17 Works

Data from: Selection for associative learning of color stimuli reveals correlated evolution of this learning ability across multiple stimuli and rewards.

Maartje Liefting, Katja M. Hoedjes, Cécile Le Lann, Hans M. Smid & Jacintha Ellers
We are only starting to understand how variation in cognitive ability can result from local adaptations to environmental conditions. A major question in this regard is to what extent selection on cognitive ability in a specific context affects that ability in general through correlated evolution. To address this question we performed artificial selection on visual associative learning in female Nasonia vitripennis wasps. Using appetitive conditioning in which a visual stimulus was offered in association with...

Data from: The cover uncovered: bark control over wood decomposition

Gbadamassi G.O. Dossa, Douglas Schaefer, Jiao-Lin Zhang, Jian-Ping Tao, Kun-Fang Cao, Richard T. Corlett, Anthony B. Cunningham, Jian-Chu Xu, Johannes H. C. Cornelissen, Rhett D. Harrison & Gbadamassi G. O. Dossa
1. Woody debris (WD) represents a globally significant carbon stock and its decomposition returns nutrients to the soil while providing habitat to microbes, plants and animals. Understanding what drives WD decomposition is therefore important. 2. WD decomposition rates differ greatly among species. However, the role of bark in the process remains poorly known. 3. We ask how, and how much, interspecific variation in bark functional traits related to growth and protection have afterlife effects on...

Data from: Differential effects of climate warming on reproduction and functional responses on insects in the fourth trophic level

Cong Chen, Rieta Gols, Arjen Biere & Jeffrey A. Harvey
1. Understanding effects of Anthropogenic Global Warming (AGW) on species interactions is essential for predicting community responses to climate change. However, while effects of AGW on resource-consumer interactions at the first- and second trophic level have been well studied, little is known about effects on interactions at higher trophic levels at the terminal end of food chains (e.g. in the third and fourth trophic levels). 2. Here, we examined the effects of temperature variability by...

Data from: Fuel moisture content enhances nonadditive effects of plant mixtures on flammability and fire behavior

Luke G. Blauw, Niki Wensink, Lisette Bakker, Richard S. P. Van Logtestijn, Rien Aerts, Nadejda A. Soudzilovskaia & J. Hans C. Cornelissen
Fire behavior of plant mixtures includes a complex set of processes for which the interactive contributions of its drivers, such as plant identity and moisture, have not yet been unraveled fully. Plant flammability parameters of species mixtures can show substantial deviations of fire properties from those expected based on the component species when burnt alone; that is, there are nonadditive mixture effects. Here, we investigated how fuel moisture content affects nonadditive effects in fire behavior....

Data from: Responses of insect herbivores and their food plants to wind exposure and the importance of predation risk

Cong Chen, Arjen Biere, Rieta Gols, Wouter Halfwerk, Kees Van Oers & Jeffrey A. Harvey
1. Wind is an important abiotic factor that influences an array of biological processes, but it is rarely considered in studies on plant-herbivore interactions. 2. Here, we tested whether wind exposure could directly or indirectly affect the performance of two insect herbivores, Plutella xylostella and Pieris brassicae, feeding on Brassica nigra plants. 3. In a greenhouse study using a factorial design, B. nigra plants were exposed to different wind regimes generated by fans before and...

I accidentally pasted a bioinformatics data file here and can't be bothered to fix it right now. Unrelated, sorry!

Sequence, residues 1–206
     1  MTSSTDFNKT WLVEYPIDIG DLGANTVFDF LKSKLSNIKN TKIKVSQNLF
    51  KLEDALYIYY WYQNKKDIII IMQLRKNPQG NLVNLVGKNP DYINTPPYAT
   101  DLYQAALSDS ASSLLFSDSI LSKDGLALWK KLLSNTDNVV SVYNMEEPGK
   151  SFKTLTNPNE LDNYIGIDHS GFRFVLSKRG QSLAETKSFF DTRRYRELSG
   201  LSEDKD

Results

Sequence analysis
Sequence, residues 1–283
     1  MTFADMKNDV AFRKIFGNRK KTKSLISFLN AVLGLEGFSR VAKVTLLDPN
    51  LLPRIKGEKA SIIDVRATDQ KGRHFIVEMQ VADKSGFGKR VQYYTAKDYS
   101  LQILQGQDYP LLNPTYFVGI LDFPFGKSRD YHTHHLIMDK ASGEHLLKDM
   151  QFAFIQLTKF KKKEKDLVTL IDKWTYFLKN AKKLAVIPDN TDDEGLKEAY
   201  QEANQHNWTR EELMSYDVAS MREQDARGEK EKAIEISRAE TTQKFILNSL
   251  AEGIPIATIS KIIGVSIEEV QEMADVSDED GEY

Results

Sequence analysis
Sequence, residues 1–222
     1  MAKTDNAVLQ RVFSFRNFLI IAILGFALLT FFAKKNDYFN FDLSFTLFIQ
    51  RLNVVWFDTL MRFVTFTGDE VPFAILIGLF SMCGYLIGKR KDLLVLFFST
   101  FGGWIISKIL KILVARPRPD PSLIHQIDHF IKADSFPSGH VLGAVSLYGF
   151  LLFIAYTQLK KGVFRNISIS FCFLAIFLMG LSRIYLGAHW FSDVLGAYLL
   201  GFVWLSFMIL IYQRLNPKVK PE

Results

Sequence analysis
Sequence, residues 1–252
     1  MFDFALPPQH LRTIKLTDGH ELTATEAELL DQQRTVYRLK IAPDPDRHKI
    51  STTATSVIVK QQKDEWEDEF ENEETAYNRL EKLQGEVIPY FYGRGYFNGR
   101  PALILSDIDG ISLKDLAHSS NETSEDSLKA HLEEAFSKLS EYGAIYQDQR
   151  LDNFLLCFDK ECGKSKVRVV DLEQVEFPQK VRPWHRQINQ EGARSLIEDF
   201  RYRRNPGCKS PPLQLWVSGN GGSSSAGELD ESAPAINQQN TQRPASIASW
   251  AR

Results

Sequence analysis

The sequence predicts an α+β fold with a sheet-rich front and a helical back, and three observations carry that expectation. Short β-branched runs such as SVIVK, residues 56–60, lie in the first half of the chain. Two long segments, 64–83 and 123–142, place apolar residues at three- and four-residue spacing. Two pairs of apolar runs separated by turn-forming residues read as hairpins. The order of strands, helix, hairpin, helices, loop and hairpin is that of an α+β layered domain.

Data from: Can social partnerships influence the microbiome? insights from ant farmers and their trophobiont mutualists.

Aniek B.F. Ivens, Alice Gadau, E. Toby Kiers, Daniel J.C. Kronauer, Aniek B. F. Ivens & Daniel J. C. Kronauer
Mutualistic interactions with microbes have played a crucial role in the evolution and ecology of animal hosts. However, it is unclear what factors are most important in influencing particular host-microbe associations. While closely related animal species may have more similar microbiota than distantly related ones due to phylogenetic contingencies, social partnerships with other organisms, such as those in which one animal farms another, may also influence an organism’s symbiotic microbiome. We studied a mutualistic network...

Data from: Nonadditive effects of consumption in an intertidal macroinvertebrate community are independent of food availability but driven by complementarity effects

Emily M. Van Egmond, Peter M. Van Bodegom, Jurgen R. Van Hal, Richard S.P. Van Logtestijn, Matty P. Berg, Rien Aerts & Richard S. P. Van Logtestijn
Suboptimal environmental conditions are ubiquitous in nature and commonly drive the outcome of biological interactions in community processes. Despite the importance of biological interactions for community processes, knowledge on how species interactions are affected by a limiting resource, e.g. low food availability, remains limited. Here, we tested whether variation in food supply causes non-additive consumption patterns, using the macroinvertebrate community of intertidal sandy beaches as a model system. We quantified isotopically labelled diatom consumption by...

Data from: Winter cover crop legacy effects on litter decomposition act through litter quality and microbial community changes

Janna M. Barel, Thomas W. Kuyper, Jos Paul, Wietse De Boer, Johannes H. C. Cornelissen & Gerlinde B. De Deyn
1. In agriculture, winter cover crop (WCC) residues are incorporated into the soil to improve soil quality, as gradual litter decomposition can improve fertility. Decomposition rate is determined by litter quality, local soil abiotic and biotic properties. However, how these factors are interlinked and influenced by cropping history is unclear. 2. We grew WCC monocultures and mixtures in rotation with main crops Avena sativa and Cichorium endivia and tested how crop rotation influences WCC litter...

Data from: Inter- and intraspecific variation in leaf economics traits in wheat and maize

Adam R. Martin, Christine E. Hale, Bruno E. L. Cerabolini, Johannes H. C. Cornelissen, Joseph Craine, William A. Gough, Jens Kattge & Cairan K. F. Tirona
Leaf economics spectrum (LES) trait variation underpins multiple agroecological processes and many prominent crop yield models. While there are numerous independent studies assessing trait variation in crops, to date there have been no comprehensive assessments of intraspecific trait variation (ITV) in LES traits for wheat and maize: the world’s most widespread crops. Using trait databases and peer-reviewed literature, we compiled over 700 records of specific leaf area (SLA), maximum photosynthetic rates (Amax), and leaf nitrogen...